After learning of a somewhat tense meeting last week, The Anchor reached out once more to Mark Ludwig, looking to see if there had been any new developments. He had this to say, which is printed below in full to provide contextualization and accuracy:
“I was not impressed with the CDS meetings. They suggested loss of benefits [sic] may follow unionization, repeatedly implied UFCW 951 was corrupt and offered no evidence of monetary savings from the recent petty food benefit [sic] changes. My reading of the NLRA website leads me to believe these threats are empty. While the current core of support for a union is small in number I believe there is significant interest from others. Obviously the topic is on the table, people know they can talk to me about it. I’ve also been impressed with some members of the management team who are listening. The leaders who can solve this are on the team if management chooses reason over fear.”
After his response, The Anchor reached out once more to Jane Newton from CDS for a comment. We sought to clarify whether loss of benefits could occur from unionization, and what CDS’s position toward UFCW 951 and similar organizations is. The response was as follows:
“Creative Dining has been involved in a conversation with our employees assigned to Hope College regarding unionization. At this point – other than Mr. Ludwig’s advocacy – we have not identified any interest among our team. Rather, they express their desire to (1) stay focused on safely serving Hope College students and (2) to move away from this distraction. Again, Creative Dining and its team appreciates every opportunity to serve the Hope College community.”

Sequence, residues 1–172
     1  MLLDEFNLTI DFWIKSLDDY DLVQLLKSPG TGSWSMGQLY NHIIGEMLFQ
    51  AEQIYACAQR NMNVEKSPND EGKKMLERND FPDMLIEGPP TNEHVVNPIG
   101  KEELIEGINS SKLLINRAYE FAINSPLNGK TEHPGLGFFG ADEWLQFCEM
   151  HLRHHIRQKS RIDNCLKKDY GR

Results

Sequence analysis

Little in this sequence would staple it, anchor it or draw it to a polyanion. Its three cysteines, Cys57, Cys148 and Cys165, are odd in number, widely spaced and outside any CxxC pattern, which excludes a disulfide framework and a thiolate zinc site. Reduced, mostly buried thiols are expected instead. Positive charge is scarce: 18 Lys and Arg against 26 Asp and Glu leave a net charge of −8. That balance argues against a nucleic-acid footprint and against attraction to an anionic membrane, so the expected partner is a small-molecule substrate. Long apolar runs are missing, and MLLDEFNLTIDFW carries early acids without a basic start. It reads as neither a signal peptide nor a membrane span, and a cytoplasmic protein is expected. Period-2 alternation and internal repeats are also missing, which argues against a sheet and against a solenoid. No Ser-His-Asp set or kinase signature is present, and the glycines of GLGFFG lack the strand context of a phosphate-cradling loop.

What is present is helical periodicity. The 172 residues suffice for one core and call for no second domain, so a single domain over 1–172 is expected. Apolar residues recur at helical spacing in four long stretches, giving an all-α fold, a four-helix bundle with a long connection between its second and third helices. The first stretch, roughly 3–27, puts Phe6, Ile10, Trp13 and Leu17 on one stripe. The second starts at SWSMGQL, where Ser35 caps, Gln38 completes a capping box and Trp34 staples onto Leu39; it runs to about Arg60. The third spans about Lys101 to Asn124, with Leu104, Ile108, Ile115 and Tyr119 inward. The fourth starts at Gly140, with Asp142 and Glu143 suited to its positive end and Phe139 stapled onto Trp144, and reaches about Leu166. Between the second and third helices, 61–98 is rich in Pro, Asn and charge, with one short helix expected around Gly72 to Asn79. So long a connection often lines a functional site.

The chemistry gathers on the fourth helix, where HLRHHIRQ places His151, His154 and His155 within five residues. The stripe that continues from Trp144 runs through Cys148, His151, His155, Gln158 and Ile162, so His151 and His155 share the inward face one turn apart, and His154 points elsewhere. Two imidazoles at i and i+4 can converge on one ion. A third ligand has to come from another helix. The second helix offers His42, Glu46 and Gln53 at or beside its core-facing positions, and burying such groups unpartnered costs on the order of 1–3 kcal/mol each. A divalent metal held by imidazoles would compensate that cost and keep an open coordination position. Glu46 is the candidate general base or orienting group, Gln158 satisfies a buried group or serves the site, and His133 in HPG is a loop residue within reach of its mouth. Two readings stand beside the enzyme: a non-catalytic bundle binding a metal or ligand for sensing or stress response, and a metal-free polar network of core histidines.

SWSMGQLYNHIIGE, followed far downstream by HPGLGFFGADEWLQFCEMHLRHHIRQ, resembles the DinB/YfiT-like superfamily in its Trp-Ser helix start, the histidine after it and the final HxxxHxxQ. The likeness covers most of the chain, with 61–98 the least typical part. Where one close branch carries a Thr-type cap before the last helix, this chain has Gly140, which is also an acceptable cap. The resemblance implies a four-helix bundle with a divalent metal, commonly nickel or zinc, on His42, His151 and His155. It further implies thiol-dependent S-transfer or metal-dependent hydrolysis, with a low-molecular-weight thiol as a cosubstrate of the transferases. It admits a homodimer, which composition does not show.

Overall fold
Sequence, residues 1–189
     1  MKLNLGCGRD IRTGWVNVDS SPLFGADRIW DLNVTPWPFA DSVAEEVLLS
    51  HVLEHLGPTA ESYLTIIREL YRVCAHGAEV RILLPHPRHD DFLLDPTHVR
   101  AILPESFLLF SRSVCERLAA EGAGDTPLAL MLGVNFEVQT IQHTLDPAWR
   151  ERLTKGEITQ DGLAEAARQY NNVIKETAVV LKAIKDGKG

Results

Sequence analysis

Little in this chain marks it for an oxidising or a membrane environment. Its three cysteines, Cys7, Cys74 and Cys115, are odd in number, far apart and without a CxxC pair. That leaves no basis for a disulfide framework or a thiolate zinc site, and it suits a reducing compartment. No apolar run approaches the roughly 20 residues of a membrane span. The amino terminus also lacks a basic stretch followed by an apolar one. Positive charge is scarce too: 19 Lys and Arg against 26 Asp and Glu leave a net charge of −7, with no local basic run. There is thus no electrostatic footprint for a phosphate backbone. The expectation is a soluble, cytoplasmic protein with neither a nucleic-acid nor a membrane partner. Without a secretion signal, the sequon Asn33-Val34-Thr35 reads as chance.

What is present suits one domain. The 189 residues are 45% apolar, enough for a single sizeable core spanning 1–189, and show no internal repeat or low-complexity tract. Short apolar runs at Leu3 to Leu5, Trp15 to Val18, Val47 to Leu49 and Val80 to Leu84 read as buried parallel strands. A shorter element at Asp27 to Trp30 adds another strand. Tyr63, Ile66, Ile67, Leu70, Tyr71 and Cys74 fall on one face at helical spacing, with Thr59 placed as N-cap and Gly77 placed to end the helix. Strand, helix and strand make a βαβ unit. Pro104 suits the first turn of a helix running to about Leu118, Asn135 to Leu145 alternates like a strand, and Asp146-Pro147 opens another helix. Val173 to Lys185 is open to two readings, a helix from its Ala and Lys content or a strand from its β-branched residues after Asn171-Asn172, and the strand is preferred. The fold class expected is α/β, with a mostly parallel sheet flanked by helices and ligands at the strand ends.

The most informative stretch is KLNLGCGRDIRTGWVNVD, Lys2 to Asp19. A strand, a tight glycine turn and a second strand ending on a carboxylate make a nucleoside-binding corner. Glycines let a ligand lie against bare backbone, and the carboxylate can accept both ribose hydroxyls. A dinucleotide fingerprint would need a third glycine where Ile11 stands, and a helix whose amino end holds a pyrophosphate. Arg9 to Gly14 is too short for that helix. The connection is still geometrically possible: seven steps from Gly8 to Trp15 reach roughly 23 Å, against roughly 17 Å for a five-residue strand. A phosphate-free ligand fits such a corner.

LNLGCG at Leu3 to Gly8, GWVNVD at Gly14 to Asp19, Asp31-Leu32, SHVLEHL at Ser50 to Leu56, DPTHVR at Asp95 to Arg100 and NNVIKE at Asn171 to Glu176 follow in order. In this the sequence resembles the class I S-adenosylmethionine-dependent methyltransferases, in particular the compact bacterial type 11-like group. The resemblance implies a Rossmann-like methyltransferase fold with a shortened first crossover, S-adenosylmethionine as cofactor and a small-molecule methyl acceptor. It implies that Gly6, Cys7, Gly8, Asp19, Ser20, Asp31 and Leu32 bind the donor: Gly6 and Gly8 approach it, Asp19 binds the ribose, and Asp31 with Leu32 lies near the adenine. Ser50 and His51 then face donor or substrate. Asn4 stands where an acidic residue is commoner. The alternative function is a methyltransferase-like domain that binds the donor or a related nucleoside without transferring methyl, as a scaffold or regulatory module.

The contention in this matter seems to come from two primary sources. Number one is changes in working conditions; the loss of a second meal plan may indeed have been a decision ultimately spawned by the budget-reduction instigated by Hope proper, as suggested by Ms. Newton. However, as Mr. Ludwig stated, the timing does appear sour and counter-productive, if indeed more manual labor is necessary due to the COVID-19 restrictions. It is clear this issue will remain contentious unless one party significantly changes stance.
The second main source of friction is a much more generalized, but important, conversation about the nature of labor and management relations. CDS, and the food and beverage industry in general, is far from being the only example of this quandary. Labor unionization goes far back historically, taking special prominence in the late nineteenth century and early twentieth century in Europe and the continental United States. Proponents of unions argue that without unionization, there are few honest checks against the power of management to abuse and underpay employees, and collective bargaining is a way to balance out power. Detractors of unionization contend that unionization stifles competition, short-circuits a dedicated feedback process and harmfully and artificially inflates wage prices. Both of these arguments have sound examples in history, and even if the current situation within Hope’s Dining Services does not change, the underlying motives behind unionizing play a vital role in the negotiation between employer and employees.
This story is ongoing, and The Anchor remains committed to updating the story should developments arise.